Why do it?
This past month has been pretty difficult. We lost Targ on the heels of two other friends losing their dogs, both also raw fed dogs. So why do it? Targ was only 6 and 1/2 and passed from a spleen hemorrhage (and the more I think about it, the more I think he had a tumor in his heart.. lovely side effect of hemangiosarcoma). Shine had bone cancer. Sarah June died in her sleep, but struggled with fatty tumors and other issues her whole life. Our own Charlie, who passed before I started this blog, died when a bladder tumor grew to shut his kidneys down. So why do it? Why spend hours breaking down blocks of frozen raw meat, chopping veggies, making kefir etc? Why have two freezers and two refrigerators mostly full of dog food, with an occassional frozen pizza for the humans? Because, in spite of the fact that my dogs STILL got cancer, they had amazing lives. I firmly believe that their lives were better for eating a raw, natural diet that could be modified to support them. More than once, I've said that Targ would have been dead a long time ago if it weren't for the life we gave him. He suffered from severe allergies, hypothyroidism, entropion and eventually cancer. Well.. suffer is not the right word. We modified his diet to support his immune system, we gave him limited vaccines, and looked at alternative methods to treat his entropion. We avoided foods that challenged his thyroid and replaced them with ones that supported it. We also supplemented with synthetic thyroid replacement therapy. It was only recently that we learned he had a mass on his spleen.. and that was only after a bought of not being able to pass urine. The week before Targ died, he was running around, beating up on his sisters and having an all around blast. Everyone was shocked when he passed because he was "so healthy". Even our vets told us they didn't expect him to live so well for so long. (I should mention that the lifespan of a bullmastiff is 7-10 years) Wendy Volhard once said in a seminar (and I'm paraphrasing) that the "problem" with a raw fed dogs is that they are fine and then they aren't. Shine's bone cancer was a shock to all of us because she was fine and well, then she wasn't. She passed away a little more than a month after her diagnosis. Sarah June was fine and then she wasn't. I saw her before she passed and she looked marvelous. Grinning as usual. Charlie was fine (the week before he died he was chasing Targ around the driveway) and then he wasn't. He lived 18 months with that tumor.. the only symptom was passing some blood in his urine. Targ was fine and then he wasn't. No symtoms of being unwell at all I would rather spend countless hours preparing my dogs food so they they can live the best lives they can with the genetic hand they've been dealt, and deal with being stunned by their passing. Sure, it would have been easier on all of us if Targ had been showing more signs of being sick... if he was lethargic and obviously unwell. It would have been easier to help him pass, to make that final call if I wasn't in a state of shock. But for 6 and 1/2 years, he made me laugh.. he made me out and out BELLY LAUGH a week before he died.. what a gift.. what a blessing he was.. It's a fair trade...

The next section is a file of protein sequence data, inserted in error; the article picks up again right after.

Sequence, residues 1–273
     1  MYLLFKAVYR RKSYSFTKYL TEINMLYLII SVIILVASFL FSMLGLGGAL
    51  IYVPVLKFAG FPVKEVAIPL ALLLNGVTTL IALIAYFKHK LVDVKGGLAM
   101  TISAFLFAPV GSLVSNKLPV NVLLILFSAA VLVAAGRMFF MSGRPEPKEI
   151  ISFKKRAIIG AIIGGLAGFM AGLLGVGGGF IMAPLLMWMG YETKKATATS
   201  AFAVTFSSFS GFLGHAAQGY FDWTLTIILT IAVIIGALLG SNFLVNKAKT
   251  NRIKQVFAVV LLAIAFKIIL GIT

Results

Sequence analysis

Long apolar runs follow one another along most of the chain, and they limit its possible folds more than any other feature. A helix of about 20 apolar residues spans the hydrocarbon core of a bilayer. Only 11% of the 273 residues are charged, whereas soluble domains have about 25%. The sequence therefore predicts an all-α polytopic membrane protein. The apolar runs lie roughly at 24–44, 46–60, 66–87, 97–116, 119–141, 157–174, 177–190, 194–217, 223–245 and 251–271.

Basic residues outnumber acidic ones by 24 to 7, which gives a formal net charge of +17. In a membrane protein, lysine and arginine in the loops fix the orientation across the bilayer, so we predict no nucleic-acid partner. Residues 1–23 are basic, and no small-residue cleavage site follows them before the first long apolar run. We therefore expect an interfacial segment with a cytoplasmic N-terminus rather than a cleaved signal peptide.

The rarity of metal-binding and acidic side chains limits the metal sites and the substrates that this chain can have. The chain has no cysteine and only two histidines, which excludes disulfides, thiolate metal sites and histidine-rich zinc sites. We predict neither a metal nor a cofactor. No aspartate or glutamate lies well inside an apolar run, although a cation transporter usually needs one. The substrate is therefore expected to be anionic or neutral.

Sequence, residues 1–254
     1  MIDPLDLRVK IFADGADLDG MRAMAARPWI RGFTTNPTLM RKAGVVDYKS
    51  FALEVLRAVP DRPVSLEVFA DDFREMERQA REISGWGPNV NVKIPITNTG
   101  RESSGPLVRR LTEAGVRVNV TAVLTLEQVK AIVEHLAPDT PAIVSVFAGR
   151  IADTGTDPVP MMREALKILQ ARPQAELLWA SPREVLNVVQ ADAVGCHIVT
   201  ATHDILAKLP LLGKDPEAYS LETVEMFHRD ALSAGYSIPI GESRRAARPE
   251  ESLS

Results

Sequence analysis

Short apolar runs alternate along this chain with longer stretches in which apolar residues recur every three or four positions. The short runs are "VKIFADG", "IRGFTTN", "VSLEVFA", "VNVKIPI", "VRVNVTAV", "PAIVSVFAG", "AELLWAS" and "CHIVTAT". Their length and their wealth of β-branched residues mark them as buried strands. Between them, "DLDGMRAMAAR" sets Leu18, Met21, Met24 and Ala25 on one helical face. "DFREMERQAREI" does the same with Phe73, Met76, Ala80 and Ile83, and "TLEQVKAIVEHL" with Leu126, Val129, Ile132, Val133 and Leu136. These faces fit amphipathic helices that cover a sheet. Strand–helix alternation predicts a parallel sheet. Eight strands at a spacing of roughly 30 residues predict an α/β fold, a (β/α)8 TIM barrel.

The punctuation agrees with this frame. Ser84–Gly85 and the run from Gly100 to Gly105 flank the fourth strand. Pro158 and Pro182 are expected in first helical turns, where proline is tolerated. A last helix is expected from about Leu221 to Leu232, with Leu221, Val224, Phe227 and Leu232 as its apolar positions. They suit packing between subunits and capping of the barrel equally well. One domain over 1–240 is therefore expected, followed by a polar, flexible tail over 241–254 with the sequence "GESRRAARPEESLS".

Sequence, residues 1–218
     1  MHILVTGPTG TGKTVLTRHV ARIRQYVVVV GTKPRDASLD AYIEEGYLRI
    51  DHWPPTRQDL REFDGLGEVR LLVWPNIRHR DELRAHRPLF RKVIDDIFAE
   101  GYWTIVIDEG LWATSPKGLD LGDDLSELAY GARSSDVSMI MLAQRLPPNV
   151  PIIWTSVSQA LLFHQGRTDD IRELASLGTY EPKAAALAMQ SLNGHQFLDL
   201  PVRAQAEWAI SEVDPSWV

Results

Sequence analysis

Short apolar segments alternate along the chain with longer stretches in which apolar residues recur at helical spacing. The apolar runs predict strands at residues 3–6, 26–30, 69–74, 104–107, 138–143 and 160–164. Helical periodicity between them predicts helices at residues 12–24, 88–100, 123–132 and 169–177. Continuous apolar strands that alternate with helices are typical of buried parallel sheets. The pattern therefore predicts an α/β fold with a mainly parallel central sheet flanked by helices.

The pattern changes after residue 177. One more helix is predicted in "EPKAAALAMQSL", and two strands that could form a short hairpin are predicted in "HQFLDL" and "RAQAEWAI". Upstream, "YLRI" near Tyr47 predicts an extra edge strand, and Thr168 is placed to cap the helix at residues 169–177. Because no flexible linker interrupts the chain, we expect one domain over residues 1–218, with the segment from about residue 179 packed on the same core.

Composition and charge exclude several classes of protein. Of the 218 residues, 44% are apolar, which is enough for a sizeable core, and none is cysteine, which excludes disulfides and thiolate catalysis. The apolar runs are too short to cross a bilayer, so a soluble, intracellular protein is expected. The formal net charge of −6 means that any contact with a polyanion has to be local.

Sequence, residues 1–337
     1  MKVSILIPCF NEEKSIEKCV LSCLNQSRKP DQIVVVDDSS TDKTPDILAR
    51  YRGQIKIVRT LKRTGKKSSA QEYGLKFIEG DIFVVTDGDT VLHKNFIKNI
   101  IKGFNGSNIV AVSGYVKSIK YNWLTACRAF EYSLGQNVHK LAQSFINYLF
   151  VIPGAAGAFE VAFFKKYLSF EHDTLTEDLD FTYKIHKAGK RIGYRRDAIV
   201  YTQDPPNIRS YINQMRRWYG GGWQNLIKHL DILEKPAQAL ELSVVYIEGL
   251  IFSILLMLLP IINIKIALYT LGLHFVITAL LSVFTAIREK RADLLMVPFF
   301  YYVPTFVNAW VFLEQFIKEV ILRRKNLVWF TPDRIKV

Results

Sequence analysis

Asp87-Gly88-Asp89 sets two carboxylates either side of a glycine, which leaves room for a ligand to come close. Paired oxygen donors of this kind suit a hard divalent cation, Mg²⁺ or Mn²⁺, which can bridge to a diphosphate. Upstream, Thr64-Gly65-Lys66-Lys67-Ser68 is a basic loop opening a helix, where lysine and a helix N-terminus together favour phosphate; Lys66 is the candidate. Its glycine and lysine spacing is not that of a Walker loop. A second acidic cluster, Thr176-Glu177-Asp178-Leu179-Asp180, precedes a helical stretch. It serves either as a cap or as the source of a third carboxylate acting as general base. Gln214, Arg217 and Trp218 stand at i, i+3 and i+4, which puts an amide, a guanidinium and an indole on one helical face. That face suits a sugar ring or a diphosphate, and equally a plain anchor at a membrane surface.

6 thoughts on “Why do it?

  1. I’m so sorry to hear about Targ passing. I admire your wisdom in listening to your inner voice telling you not to have surgery done on him, and cry with you when the missing him hits hard.

    You may add another to your list of raw-fed dogs who died from cancer and looked healthy pretty much to the end.

    I lost my beloved Belgian Malinois on August 30. She was 14yo and had been living with breast cancer since at least January (that’s when she was diagnosed). She was raw-fed for about the last 8 years of her life. Near the end if you looked at her belly, yes, she looked like a dog with cancer. People who saw her on the street never guessed she was 14, let alone carrying cancer around. I didn’t treat beyond nutritional support and some accupuncture and TTouch. I saw some slowing in early August, but it was difficult to tell how much was cancer and how much was being 14. In the last 2 weeks she took a lot of pain meds to allow her to work on her transition the way she wanted to do it. Thank heavens for a great communicator I used to help me check in with my girl and make sure she was still on her path. She finally asked for help on August 29, and we gave her a beautiful day on the 30th before sending her back to the light for which she was named (Lucy) that evening.

  2. Oh my gosh Jen I’m so so so sorry about Targ. I had no idea. I need to come here lots more. Ugh.

    It’s much too awful to lose them, and especially so young. And I agree… I still believe in raw feeding, even with humans, if we eat as healthy as possible, even we can still get cancer.

  3. Sorry to hear about Tarq. I agree that correct nutrition makes a huge difference in quality of life for animals and humans. I just wish more people would see that.

    Heathers last blog post..Clean

  4. I’m so sorry for your loss. I often think that the blessing of being a “animal person” carries the curse of loving something you are destined to outlive, and that the purity of the love makes the loss of it very hard. Dogs make themselves easy to love, but not easy to loose 🙁

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